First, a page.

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Pimlico Plumbers Ruling: Do you need to review your annual leave policy?


Claiming backdated holiday pay outside the usual tribunal time rules

You may well remember a case going back and forth through the various courts relating to Pimlico Plumbers. It is a long-standing and complicated case that has dealt with employment status and rules around claiming backdated holiday pay.

The claimant (Gary Smith) was unsuccessful in the previous tribunal ruling and so he took his case to the Court of Appeal, which was heard in December and the ruling published February 2022.

The circumstances

This case centres around whether the original employment courts were correct to not uphold the claimant’s claim for backdated holiday pay. Both the original tribunal and the appeal tribunal held the view that the claimant had not filed his claim for backdated pay quickly enough. Under existing tribunal rules, a claimant must claim for any missed pay within three months for each holiday period.

The claimant was arguing that he was due backdated payments from 2005 and appealed to the court of appeal.

To put this in context, back in 2018 Gary Smith won his claim at the Supreme Court, against Pimlico Plumbers which determined his employment status as worker rather than self-employed and consequently, would be entitled to holiday pay and other employment rights.

In 2019 Mr. Smith claimed to an Employment Tribunal that he was due £74,000 in lost holiday pay, because of the original 2018 Supreme Court ruling, however he lost his claim because he had not filed his claim for the backdated holiday pay quickly enough. Based on his case, Mr. Smith should have made his claim for missed pay within three months of each holiday period dating back to 2005.

Mr. Smith appealed the Employment Tribunal decision arguing that the original court had not correctly applied the law and that mistakenly concluded that he had not been able to show it was not reasonably practicable for him to bring the claim within the three-month time limit.

He also argued that in another ruling of King v The Sash Window Workshop, somebody who was self-employed was found to have worker status and successfully argued that he was entitled to holiday pay during the 13 years that he worked for Sash Windows, and therefore entitled to a payment of untaken accrued holiday for the 13-year duration.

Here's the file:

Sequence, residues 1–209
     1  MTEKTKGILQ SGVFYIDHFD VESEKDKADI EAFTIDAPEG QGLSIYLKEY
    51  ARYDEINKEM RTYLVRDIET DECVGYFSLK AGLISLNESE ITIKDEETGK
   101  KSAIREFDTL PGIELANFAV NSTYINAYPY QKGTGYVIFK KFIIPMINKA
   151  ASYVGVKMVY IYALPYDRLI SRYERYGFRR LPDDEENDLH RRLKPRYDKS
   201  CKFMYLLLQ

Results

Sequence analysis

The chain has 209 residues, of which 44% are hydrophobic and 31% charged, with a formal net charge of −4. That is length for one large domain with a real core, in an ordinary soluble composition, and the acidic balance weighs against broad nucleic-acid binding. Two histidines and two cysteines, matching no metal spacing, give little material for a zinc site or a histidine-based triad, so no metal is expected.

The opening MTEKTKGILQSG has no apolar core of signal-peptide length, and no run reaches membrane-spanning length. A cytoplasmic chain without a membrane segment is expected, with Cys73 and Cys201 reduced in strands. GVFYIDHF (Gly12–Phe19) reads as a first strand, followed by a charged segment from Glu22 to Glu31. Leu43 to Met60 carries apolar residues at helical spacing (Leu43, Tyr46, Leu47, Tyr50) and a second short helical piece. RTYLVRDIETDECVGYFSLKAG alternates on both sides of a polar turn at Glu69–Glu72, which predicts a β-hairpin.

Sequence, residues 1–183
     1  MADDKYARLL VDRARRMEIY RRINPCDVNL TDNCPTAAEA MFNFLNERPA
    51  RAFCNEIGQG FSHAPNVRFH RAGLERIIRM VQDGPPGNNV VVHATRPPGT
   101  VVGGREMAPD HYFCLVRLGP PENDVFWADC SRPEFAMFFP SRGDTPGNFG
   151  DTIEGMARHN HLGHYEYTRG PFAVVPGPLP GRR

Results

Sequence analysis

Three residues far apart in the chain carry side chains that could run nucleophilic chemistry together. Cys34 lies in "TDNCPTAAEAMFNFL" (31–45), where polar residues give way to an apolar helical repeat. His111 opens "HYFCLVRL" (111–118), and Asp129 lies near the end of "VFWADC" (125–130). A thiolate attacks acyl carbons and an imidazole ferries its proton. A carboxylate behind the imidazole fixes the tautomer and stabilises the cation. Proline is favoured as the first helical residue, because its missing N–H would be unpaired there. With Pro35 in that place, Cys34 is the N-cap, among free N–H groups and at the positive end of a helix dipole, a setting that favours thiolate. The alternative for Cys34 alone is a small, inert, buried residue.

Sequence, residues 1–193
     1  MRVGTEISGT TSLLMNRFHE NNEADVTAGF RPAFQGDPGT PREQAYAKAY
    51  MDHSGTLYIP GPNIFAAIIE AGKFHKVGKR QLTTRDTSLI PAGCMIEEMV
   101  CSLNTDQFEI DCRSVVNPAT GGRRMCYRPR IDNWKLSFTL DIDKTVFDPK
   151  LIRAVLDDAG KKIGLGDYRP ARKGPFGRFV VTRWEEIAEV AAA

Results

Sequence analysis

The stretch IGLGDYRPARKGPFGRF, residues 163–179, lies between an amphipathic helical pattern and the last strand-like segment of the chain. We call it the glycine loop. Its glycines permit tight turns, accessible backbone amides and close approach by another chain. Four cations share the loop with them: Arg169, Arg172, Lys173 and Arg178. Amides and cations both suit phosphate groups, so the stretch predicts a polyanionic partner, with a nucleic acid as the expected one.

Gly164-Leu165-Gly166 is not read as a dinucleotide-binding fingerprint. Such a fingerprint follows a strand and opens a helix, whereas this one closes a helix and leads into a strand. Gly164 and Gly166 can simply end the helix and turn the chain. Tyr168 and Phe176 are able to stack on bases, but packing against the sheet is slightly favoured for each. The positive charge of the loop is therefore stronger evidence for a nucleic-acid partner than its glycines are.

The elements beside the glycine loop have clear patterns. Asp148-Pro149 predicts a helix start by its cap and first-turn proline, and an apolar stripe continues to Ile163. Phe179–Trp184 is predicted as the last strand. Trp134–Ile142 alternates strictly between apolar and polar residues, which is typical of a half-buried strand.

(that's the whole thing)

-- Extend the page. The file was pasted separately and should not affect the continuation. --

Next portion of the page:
The court of appeal upheld his appeal.

The judgement

The court of appeal upheld the appeal which is a landmark ruling for employers. The ruling outlined that “whilst domestic legislation can provide for the loss of the right at the end of each leave year, to lose it, the worker must actually have had the opportunity to exercise the right conferred by the working time directive”.

The case also centred on how the original tribunal had applied the precedent that had been set in the case of King v Sash Window Company (this is the case that ruled accrued untaken holiday pay could be taken on termination).

The ruling deemed the claim had in fact been in time because he had been denied the opportunity to exercise the right to paid annual leave throughout his engagement with Pimlico Plumbers.

To conclude, the key findings which will have implications for all employers include that a worker can only lose their right to backdated holiday pay if the employer can specifically and transparently show that they:

  • Gave the worker the opportunity to take paid annual leave
  • Encouraged the worker to take paid annual leave
  • Informed the worker that the right would be lost at the end of the year

Learning points

The findings in this case mean that if an employer cannot evidence that they were specific and transparent in giving a worker the opportunity to take paid leave, encouraged the taking of the leave or forewarned the worker that the entitlement would be lost at the end of the holiday year if not used, any unused holiday carries over and holiday continues to accrue until termination of the contract.

Our advice therefore would be:

  • Check the employment status of those who you currently believe to be self-employed. Making sure you are satisfied that this remains the case is crucial for understanding any potential tribunal and financial risk.
  • For those who are truly self-employed following your assessment, ensure that moving forward you continue to manage the relationship in line with business to business set up, and not business to employee arrangement.
  • Review your annual leave policy following the latest update with the Pimlico Plumbers case; are you explicit in how you deal with unused holiday, including what happens if holiday is not taken by the end of the holiday year? Does the scope of the policy allow for it to cover workers, not just employees?

You can watch on-demand our webinar from 2021 in which we explore IR35 and the rules around how you ensure someone is truly self-employed. It has useful prompts too on what to do in managing the relationship and how to ensure you keep it as a business to business one.

Further information

For more information or to speak to a member of our team, please Contact Us

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